Last updated: 2020-10-24-06:22 UTC
Updates daily at 06:00 UTC
New: The road to a COVID-free Victoria
Click here for US per-state plots
On this page are per-country plots sorted by per capita cumulative deaths, from highest to lowest.
Note that official data on recoveries is not used and recoveries are instead estimated. Active cases are then inferred from this estimate. See the bottom of this page for details.
Larger plots for individual countries are at the following links:
Caveats and explanations
- Daily cases and daily deaths are plotted with 5-day exponential smoothing
- Recoveries are estimated based on the assumption that 85% of surviving cases are mild and recover after 17±4 days, and 15% are severe and recover after 32±12 days.
For the mathematically inclined:
Recoveries Restimated(t) are computed as the convolution of living cases (confirmed cases C(t) minus deaths D(t)) with a probability distribution for the time to recovery, equal to the weighted sum of two normal distributions, one for severe cases and one for mild cases:
Restimated(t) = (C(t) - D(t)) ∗
The mean and standard deviation in severe cases comes from the WHO's Report of the WHO-China Joint Mission on Coronavirus Disease 2019 (COVID-19) (page 14) which states that: "the median time from onset to clinical recovery [...] is 3-6 weeks for patients with severe or critical disease", and for mild cases from a study of 21 Chinese COVID-19 patients, who were discharged "after a mean hospitalized period of 17±4 days".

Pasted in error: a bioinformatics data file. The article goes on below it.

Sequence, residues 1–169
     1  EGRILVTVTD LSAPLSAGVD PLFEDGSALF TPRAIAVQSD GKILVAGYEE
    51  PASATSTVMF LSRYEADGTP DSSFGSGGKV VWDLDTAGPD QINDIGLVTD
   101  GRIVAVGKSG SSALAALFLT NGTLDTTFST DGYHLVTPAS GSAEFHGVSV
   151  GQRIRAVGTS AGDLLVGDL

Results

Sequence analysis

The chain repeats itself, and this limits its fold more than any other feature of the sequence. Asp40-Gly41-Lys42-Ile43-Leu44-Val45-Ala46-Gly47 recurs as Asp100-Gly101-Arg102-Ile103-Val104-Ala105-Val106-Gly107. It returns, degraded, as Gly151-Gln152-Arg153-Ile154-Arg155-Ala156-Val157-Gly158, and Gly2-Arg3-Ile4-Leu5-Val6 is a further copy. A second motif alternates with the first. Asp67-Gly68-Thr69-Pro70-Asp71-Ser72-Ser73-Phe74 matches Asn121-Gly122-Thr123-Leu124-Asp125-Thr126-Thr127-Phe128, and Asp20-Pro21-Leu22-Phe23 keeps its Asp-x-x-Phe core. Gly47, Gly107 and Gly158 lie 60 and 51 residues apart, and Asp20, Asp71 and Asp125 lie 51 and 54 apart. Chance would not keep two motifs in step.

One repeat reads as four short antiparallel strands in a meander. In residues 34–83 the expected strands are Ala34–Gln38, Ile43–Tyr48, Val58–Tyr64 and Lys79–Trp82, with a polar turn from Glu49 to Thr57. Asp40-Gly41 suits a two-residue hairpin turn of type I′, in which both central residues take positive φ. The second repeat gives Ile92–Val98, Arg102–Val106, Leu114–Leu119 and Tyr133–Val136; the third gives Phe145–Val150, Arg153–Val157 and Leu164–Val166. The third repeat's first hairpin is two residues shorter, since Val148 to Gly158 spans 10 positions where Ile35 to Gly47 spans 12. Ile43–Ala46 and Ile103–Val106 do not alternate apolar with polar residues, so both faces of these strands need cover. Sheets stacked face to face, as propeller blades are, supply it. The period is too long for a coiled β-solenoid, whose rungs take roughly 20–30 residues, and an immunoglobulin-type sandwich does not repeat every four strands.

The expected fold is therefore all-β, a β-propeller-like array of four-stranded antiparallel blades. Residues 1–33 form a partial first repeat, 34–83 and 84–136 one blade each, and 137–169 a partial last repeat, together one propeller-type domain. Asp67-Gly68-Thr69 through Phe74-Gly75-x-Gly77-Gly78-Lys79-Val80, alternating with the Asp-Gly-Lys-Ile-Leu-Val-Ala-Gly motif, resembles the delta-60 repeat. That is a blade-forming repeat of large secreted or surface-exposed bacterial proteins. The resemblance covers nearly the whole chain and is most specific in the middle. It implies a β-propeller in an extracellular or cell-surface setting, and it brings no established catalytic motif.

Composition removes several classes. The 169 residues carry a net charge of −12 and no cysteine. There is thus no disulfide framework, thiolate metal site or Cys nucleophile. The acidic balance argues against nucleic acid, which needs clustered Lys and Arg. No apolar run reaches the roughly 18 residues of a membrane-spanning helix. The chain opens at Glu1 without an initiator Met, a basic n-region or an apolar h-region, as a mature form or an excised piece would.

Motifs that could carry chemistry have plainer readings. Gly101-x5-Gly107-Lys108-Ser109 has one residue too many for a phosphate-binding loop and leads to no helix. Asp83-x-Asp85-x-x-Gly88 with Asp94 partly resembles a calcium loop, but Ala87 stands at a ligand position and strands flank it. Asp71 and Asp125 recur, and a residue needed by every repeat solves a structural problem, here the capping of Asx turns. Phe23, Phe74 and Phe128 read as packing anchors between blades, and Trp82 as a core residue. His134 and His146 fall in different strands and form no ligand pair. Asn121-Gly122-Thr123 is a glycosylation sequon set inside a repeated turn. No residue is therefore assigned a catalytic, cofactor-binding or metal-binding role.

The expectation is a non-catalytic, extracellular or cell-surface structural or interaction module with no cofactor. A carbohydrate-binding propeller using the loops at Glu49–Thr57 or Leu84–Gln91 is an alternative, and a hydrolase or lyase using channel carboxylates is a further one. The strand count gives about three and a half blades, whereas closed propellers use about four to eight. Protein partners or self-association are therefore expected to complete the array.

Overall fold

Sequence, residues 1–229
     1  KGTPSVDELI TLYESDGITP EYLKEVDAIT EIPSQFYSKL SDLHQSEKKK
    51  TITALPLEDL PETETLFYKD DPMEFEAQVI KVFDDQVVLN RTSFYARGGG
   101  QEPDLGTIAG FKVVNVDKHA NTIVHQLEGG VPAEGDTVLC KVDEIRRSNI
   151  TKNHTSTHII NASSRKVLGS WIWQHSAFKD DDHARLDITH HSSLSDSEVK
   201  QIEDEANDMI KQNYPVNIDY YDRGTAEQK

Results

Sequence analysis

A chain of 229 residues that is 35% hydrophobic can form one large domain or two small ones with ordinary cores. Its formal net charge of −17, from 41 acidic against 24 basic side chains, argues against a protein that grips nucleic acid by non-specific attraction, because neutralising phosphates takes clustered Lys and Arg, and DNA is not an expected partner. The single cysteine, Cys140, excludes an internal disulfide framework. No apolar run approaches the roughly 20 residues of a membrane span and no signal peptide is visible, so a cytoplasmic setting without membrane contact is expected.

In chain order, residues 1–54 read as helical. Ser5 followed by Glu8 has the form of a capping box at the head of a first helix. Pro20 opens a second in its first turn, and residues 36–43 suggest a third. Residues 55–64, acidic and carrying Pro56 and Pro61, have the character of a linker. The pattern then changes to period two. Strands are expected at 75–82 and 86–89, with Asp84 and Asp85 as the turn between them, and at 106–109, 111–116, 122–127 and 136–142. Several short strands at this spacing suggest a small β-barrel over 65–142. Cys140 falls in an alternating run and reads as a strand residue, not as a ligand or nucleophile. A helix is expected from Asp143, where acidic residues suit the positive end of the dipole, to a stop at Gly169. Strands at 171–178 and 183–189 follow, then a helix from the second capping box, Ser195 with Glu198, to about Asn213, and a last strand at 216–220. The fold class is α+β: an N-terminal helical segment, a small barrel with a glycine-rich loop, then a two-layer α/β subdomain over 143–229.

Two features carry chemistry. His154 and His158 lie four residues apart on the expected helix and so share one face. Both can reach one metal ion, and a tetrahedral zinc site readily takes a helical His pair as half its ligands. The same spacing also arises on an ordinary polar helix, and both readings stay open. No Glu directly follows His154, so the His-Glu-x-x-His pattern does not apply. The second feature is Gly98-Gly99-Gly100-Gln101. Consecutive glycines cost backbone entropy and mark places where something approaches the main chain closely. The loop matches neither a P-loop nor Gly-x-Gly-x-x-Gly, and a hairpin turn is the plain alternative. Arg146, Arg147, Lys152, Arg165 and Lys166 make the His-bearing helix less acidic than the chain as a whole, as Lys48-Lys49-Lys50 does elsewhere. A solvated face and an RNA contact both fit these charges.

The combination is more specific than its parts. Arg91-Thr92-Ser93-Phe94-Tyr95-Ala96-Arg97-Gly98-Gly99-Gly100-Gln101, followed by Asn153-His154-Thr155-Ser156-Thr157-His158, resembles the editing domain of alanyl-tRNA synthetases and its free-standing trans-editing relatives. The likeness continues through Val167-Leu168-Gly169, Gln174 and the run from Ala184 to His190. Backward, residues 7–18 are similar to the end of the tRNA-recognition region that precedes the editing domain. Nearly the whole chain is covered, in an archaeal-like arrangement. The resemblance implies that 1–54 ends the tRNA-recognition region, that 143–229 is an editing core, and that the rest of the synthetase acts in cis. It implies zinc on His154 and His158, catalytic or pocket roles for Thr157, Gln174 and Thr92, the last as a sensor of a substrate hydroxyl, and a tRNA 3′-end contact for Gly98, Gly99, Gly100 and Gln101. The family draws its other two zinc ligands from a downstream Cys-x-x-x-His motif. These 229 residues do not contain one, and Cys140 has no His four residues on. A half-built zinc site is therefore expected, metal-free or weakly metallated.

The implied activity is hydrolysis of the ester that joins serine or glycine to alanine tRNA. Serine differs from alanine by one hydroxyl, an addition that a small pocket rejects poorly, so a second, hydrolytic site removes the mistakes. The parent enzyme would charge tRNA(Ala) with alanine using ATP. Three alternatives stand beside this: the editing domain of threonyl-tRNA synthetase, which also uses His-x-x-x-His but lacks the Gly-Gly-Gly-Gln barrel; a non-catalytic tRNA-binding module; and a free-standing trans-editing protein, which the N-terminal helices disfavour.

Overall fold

- Pm = 0.85 is the proportion of cases that are mild
- Ps = 0.15 is the proportion of cases that are severe
- Nμσ(t) is the probability density function for a normal distribution with mean μ and standard deviation σ
- μm = 17 days is the mean recovery time for a mild case
- σm = 4 days is the standard deviation of recovery time for a mild case
- μs = 32 days is the mean recovery time for a severe case
- σs = 12 days is the standard deviation of recovery time for a severe case
- ∗ is the convolution operation
- Doubling time of active cases on each day is computed from an exponential fit to the previous 5 days of data. Projections are based on the most recent such exponential fit. This is a rough answer to the question "What will happen if nothing changes about testing rates or control measures?" This can model both growth and decline in active cases, both of which should be approximately exponential while conditions remain fixed (and whilst most of the population has not been infected yet).
- Shaded region in the growth rate plot represents 1σ uncertainty range of the growth rate computed from the fit parameters. Additional labels on the right side of the growth rate plot show the doubling times corresponding to the growth rates (negative doubling times are halving times)